AppleTV second gen: initial usage notes

I got a nice gadget under the Christmas tree this year: a second generation AppleTV. Short take: I am way more impressed than I thought I would be.

This fall we experimented with hooking an old MacBook Pro up to the TV in the living room and using the FrontRow UI to watch movies, but the user experience was less than ideal. Knowing the limits of the machine, I copied movie files locally to it so that it had no network lag, but there were still occasional hiccups and delays as it tried to play back movies through FrontRow. Also, because it was essentially working as a disconnected island, only the movies and TV shows I copied to it were available. Oh, I could try to share data from my main MacBook, but for some reason things were so sluggish as to be unbearable.

I had an idea that it might be nice to try an AppleTV someday, if for no other reason than for the simplified UI, integrated rentals/Netflix/Youtube, and smaller form factor. But I had filed it away as a nice-to-have. So I was delighted when I opened it up on Christmas morning. (Thanks, hon!) By Christmas evening I had set it up and was putting it through its paces.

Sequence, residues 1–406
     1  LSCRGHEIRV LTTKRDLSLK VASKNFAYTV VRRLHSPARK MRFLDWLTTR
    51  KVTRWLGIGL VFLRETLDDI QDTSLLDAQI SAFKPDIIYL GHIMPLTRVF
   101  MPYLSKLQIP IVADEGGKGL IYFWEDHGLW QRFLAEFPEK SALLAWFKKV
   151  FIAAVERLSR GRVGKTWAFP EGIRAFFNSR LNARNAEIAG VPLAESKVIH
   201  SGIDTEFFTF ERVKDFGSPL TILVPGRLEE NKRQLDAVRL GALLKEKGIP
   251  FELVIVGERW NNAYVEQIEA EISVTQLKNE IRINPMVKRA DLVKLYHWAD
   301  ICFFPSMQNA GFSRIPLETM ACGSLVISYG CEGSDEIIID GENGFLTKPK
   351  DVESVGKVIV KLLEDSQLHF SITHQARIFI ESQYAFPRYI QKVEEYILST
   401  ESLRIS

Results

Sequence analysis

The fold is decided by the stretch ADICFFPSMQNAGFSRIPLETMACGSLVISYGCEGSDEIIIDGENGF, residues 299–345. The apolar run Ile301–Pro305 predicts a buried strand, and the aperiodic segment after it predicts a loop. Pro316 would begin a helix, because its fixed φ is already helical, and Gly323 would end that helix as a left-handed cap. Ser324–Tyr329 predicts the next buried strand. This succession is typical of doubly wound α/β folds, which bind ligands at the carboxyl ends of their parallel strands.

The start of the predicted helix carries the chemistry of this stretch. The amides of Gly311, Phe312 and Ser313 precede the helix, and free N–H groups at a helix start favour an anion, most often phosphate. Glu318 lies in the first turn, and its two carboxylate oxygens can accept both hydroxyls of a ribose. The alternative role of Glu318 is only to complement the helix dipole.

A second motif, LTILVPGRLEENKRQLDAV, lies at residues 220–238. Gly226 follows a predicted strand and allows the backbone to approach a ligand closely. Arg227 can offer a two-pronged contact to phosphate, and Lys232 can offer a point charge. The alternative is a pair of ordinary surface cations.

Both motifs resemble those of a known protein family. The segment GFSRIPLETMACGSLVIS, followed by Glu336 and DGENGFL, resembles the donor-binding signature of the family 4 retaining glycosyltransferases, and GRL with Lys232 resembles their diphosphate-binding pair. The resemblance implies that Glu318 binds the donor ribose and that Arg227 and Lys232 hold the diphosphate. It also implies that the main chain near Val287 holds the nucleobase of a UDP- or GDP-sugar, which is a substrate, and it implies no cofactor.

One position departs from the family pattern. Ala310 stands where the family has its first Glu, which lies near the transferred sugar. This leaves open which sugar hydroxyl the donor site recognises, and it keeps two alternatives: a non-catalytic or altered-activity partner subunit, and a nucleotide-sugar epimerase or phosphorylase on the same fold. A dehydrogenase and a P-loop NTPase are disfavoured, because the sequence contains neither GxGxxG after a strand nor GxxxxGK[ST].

First notes: make sure you have an HDMI cable handy. (Duh. Fortunately I did.) We tried out the UI, which makes FrontRow look like a college art project, and were impressed. Then we tried playing back some of the short movies from my MacBook. This was the first hiccup–startup times were long even for brief movies; for half-hour TV shows I was usually waiting 15 minutes or more for playback. What was going on?

A little network diagnostic (aside: I cannot recommend iStumbler highly enough) and I found the cause. I have an Airport Extreme 802.11n base station, but the rest of my network configuration is somewhat unorthodox, including a pair of older Airport Express units that only speak 802.11g and which rebroadcast the main network via WDS. On a hunch, I turned off the configuration option on the Airport Express units to let wireless clients connect, and restarted them. The signal to noise ratio on the main base station improved about 10% immediately, and AppleTV performance was likewise improved–TV shows began playback immediately, movies after a second or two. Problem solved–and now my network is generally snappier.